Speculations are rife that the central leadership of India’s federally ruling BJP, which includes Prime Minister Narendra Modi and Home Minister Amit Shah, may ask Karnataka state chief Bookanakere Siddalingappa Yediyurappa - also known as BSY - to make way for a new face in the near future.
Several media reports have said that BSY is facing a revolt in his party because a group of BJP lawmakers is seeking for him to be removed because they are unhappy with his style of governing.
Though there have been at least six attempts to replace him as state chief in the past, this is the first time lawmakers have visited Delhi to express their dissatisfaction with him.
Signs of Disaffection for Karnataka State Chief
Trouble for Yediyurappa started after a number of BJP legislators held a meeting in the State capital city, Bengaluru, and discussed the issue of change in the state leadership.
According to a number of reports in the media, these legislators claimed that the BJP's central leadership has asked the State chief to convene a meeting with all the party's 120 lawmakers after 7 June when the statewide coronavirus lockdown will have ended.
Prime Minister Modi and former party president Amit Shah would take a call on the change of guard in the state, the lawmakers claimed. They said that a young face which is acceptable to all castes, should be chosen as the new leader of the party.
A few leaders, including State Tourism Minister Chakkere Puttamade Yogeeshwara and lawmaker Arvind Bellad reportedly went to Delhi to meet the party's top brass - Prime Minister Modi and Shah - to discuss the issue of leadership change in the state.
Crisis in the Making – BJP Leaders Speak in Different Voice
Talking to Sputnik on Friday, the BJP's IT cell head Amit Malviya, however, denied that the Karnataka government was in crisis. "The government is focused on bringing relief to people in times of pandemic and that is the priority right now."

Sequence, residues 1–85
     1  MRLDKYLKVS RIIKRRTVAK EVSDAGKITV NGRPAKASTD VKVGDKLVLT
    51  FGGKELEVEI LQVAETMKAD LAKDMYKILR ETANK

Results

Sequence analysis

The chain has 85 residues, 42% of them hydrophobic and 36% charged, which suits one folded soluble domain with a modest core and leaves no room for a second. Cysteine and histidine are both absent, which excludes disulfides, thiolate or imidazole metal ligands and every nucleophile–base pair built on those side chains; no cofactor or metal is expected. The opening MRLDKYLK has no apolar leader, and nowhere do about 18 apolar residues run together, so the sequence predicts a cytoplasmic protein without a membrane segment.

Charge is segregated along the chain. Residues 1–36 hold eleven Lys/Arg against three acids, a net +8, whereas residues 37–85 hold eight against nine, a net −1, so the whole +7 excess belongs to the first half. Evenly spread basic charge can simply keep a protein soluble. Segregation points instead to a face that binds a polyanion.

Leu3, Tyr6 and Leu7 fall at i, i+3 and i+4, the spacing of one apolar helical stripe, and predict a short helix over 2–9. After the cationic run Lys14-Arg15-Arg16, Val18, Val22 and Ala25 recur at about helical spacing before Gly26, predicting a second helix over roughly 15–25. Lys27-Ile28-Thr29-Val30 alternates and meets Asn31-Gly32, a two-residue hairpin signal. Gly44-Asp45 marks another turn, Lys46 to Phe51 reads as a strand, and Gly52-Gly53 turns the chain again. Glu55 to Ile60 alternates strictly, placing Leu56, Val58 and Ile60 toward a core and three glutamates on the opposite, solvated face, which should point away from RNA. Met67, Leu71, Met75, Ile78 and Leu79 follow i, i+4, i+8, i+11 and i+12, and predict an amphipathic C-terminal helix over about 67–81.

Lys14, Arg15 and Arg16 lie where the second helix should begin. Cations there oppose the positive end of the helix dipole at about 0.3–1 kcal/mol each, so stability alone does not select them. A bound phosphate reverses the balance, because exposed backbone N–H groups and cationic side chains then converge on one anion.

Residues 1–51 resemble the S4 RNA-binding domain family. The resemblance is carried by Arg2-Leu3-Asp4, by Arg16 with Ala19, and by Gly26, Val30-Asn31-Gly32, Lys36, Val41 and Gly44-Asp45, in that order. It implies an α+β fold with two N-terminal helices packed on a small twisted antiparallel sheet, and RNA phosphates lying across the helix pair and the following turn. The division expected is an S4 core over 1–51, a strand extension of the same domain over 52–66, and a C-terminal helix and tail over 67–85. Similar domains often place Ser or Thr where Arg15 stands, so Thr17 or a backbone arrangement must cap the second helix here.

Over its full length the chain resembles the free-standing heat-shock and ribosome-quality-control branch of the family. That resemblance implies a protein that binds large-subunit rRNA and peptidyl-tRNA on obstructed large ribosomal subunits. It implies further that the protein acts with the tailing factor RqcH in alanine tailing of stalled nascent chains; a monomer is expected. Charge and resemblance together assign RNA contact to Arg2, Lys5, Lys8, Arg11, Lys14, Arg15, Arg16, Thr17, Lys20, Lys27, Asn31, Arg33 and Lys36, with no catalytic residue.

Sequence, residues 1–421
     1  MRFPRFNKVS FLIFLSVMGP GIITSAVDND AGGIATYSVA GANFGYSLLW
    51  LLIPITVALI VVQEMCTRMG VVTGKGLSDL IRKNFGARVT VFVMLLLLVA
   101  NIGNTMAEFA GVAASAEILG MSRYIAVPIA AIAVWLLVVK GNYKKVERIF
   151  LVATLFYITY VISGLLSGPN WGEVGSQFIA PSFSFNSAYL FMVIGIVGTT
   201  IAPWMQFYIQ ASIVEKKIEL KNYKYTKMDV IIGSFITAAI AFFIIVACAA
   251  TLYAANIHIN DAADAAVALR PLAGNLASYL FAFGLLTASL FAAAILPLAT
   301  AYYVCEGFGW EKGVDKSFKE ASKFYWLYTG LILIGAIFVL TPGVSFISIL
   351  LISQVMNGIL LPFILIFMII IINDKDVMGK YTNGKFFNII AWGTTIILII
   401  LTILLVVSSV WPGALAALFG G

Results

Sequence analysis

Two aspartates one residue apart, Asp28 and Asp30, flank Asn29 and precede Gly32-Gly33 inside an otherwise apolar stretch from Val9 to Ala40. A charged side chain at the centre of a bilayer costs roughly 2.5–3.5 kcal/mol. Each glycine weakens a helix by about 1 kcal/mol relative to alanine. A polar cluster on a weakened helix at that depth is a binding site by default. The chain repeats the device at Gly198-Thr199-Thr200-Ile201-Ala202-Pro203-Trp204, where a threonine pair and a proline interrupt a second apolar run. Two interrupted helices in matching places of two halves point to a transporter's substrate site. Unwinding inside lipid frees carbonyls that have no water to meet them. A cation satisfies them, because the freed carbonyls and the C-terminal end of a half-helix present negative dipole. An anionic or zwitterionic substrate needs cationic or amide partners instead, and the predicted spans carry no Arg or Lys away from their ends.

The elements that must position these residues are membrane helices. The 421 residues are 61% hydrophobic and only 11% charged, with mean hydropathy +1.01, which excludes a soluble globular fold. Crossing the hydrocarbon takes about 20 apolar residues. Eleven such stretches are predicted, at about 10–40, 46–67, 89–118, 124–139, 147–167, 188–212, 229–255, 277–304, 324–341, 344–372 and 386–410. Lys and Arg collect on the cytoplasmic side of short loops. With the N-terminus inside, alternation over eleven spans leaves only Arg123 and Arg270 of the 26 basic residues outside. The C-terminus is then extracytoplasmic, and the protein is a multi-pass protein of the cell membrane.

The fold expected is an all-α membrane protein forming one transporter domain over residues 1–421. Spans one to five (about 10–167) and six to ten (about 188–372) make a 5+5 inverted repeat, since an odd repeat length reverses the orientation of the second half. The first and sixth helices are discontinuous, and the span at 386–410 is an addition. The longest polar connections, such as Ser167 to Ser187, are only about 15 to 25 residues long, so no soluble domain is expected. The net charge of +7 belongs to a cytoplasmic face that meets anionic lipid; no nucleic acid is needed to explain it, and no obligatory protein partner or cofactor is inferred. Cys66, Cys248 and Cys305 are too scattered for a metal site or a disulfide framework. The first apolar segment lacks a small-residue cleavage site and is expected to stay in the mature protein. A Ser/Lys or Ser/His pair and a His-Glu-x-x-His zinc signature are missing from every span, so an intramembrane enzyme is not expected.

But Karnataka BJP spokesman Go Madhusudan admitted to Sputnik that a few legislators led by tourism minister Yogeeshwara, have indeed been trying to dislodge Yediyurappa from his position.
"Yogeeshwara rose to prominence in the BJP after he played a major role in the formation of the BJP government in the state. After being appointed State Tourism Minister, he wasn't satisfied, and his hunger to attain a higher position in the BJP grew to an extent that he planned a revolt against BSY,” said Madhusudan.
“He was under the illusion that the entire state BJP will stand behind him. But by plotting against BSY he was exposed in front of the party's leaders in both Karnataka and Delhi, who are now shunning him. He has lost all respect in the party and has nowhere to go in the BJP," the spokesman added.
Media reports say that the state legislators are asking for a change in the leadership because they are quite unhappy with their government's response to the coronavirus pandemic.
After Maharashtra, Karnataka is the worst-hit state in India, reporting 24,214 new COVID-19 cases and 476 deaths on 28 May. The total number of infections has reached 2.52 million and the death toll is 27,405 in the State.
Before the second wave of coronavirus, there were crucial elections held in five states. But the BJP performed poorly in the polls. The party also lost the bypoll to the Maski constituency in Karnataka, further denting Yediyurappa's reputation. The loss provided fresh political ammunition to his opponents within the party.
This is the second time in May the BJP has had to deal with reports of a change of guard in Karnataka.
Early this month, rumours spread wild after State Home Minister Basavaraj Bommai and Yediyurappa's son BY Vijayendra went on an unscheduled trip to Delhi. They met former party chief and Home Minister Amit Shah.
Despite repeated attempts by the media, neither Bommai or Vijayendra told why they met with Shah.
However, jettisoning Yediyurappa won't be easy for the BJP: He is the tallest leader the BJP has in southern India and possibly the best at attracting crowds in Karnataka after Prime Minister Modi.
Moreover, Yediyurappa belongs to the dominant Lingayat caste, which comprises approximately 17 percent of the state's population. Antagonising the community could hurt the party's prospects in the 2022 elections.
The Lingayats have voted overwhelmingly in favour of the BJP since Yediyurappa became state chief in 2008. Of the 20 leaders, who have ruled Karnataka state since 1956, eight have been from the Lingayat caste.
But a leadership change in Karnataka would not be unprecedented since earlier in March, the BJP replaced its state chief in Uttarakhand.
Awaiting fresh elections in 2022, BJP-ruled Uttarakhand got a new State Chief in Tirath Singh Rawat after Trivendra Singh Rawat was asked to make way for him.